Complexation of retrovirus with cationic and anionic polymers increases the efficiency of gene transfer

Joseph M. Le Doux, Natalia Landazuri, Martin L. Yarmush, Jeffrey R. Morgan

Research output: Contribution to journalArticlepeer-review

67 Scopus citations


Previously, we have demonstrated that chondroitin sulfate proteoglycans and glycosaminoglycans inhibit retrovirus transduction. While studying the mechanism of inhibition, we found that the combined addition of equal-weight concentrations (80 μg/ml) of Polybrene and chondroitin sulfate C to retrovirus stocks resulted in the formation of a high-molecular-weight retrovirus-polymer complex that could be pelleted by low-speed centrifugation. The pelleted complex contained more than 80% of the virus particles, but less than 0.3% of the proteins that were originally present in the virus stock. Surprisingly, the virus in the complex remained active and could be used to transduce cells. The titer of the pelleted virus, when resuspended in cell culture medium to the starting volume, was three-fold greater than the original virus stock. The selectivity (CFU/mg protein) of the process with respect to virus activity was more than 1000-fold. When the pelleted virus-polymer complex was resuspended in one-eighth of the original volume and used to transduce NIH 3T3 murine fibroblasts and primary human fibroblasts, gene transfer was increased 10- to 20-fold over the original unconcentrated retrovirus stock. The implications of our findings for the production, processing, and use of retrovirus stocks for human gene therapy protocols are discussed.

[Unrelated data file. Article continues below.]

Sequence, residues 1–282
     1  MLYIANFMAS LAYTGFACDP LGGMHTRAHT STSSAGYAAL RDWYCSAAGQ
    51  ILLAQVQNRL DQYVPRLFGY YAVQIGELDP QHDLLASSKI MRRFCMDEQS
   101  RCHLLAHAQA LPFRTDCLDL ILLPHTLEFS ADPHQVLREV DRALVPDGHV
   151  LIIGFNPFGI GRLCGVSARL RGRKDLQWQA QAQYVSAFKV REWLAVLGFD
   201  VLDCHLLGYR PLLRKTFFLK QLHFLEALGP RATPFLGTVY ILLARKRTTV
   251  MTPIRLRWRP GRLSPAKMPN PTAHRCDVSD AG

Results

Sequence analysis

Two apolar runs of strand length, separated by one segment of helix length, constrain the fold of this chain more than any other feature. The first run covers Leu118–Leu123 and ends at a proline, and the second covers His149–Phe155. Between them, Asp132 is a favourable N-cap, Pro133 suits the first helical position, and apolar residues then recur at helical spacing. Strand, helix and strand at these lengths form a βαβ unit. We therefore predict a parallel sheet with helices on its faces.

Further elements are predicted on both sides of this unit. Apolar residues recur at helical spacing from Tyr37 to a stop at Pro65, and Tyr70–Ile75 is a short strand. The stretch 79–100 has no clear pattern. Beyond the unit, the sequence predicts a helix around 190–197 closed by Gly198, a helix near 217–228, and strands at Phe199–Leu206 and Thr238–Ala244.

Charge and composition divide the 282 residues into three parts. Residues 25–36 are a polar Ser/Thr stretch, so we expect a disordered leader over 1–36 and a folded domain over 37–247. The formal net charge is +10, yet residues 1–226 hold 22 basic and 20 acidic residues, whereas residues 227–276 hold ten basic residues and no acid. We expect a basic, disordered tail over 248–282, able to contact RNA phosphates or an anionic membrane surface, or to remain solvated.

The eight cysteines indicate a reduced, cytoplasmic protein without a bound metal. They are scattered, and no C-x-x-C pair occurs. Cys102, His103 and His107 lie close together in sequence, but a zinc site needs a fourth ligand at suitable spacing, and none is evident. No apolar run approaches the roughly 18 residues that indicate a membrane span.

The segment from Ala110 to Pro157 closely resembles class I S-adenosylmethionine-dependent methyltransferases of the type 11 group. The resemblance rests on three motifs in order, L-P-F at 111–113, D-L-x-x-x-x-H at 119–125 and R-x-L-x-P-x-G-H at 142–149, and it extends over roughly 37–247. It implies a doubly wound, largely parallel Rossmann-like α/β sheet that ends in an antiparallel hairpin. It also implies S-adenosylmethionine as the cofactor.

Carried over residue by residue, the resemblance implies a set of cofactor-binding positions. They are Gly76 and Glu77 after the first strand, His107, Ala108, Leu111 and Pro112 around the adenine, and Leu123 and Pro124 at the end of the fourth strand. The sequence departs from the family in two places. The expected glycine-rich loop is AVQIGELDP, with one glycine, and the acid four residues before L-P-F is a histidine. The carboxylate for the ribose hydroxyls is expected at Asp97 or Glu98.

Original languageEnglish (US)
Pages (from-to)1611-1621
Number of pages11
JournalHuman gene therapy
Issue number13
StatePublished - Aug 2001
Externally publishedYes

All Science Journal Classification (ASJC) codes

  • Molecular Medicine
  • Molecular Biology
  • Genetics


Dive into the research topics of 'Complexation of retrovirus with cationic and anionic polymers increases the efficiency of gene transfer'. Together they form a unique fingerprint.

Cite this